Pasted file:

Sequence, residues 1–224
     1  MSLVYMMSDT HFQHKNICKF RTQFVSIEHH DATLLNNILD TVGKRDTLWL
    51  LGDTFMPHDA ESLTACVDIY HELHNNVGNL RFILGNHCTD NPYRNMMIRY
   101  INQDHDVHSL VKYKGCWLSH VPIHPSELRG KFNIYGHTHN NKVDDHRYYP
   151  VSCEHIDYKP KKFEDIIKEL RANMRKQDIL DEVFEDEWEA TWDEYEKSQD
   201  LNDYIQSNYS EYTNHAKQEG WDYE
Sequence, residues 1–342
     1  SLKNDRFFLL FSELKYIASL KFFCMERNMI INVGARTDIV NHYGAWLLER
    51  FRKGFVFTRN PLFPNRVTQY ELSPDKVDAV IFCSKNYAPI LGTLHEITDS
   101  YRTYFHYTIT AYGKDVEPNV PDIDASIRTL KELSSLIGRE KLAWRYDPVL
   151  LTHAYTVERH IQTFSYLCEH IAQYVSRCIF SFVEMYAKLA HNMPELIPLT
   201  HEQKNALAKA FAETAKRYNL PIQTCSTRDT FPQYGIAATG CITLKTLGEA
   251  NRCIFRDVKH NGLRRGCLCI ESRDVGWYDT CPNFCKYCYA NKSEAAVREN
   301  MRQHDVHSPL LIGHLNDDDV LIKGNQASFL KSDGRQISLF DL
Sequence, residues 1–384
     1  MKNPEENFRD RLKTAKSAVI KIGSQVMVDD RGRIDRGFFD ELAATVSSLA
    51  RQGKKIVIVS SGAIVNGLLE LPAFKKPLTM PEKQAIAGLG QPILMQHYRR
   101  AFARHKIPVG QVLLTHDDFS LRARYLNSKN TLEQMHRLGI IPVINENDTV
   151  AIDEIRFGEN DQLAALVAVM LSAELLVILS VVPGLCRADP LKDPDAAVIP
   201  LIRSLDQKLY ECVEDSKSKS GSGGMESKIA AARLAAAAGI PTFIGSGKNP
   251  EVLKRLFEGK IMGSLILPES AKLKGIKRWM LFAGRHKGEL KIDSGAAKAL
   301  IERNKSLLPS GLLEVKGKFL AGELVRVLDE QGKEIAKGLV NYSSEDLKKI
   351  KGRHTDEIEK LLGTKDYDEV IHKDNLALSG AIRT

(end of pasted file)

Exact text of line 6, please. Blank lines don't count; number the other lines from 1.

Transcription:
   201  LNDYIQSNYS EYTNHAKQEG WDYE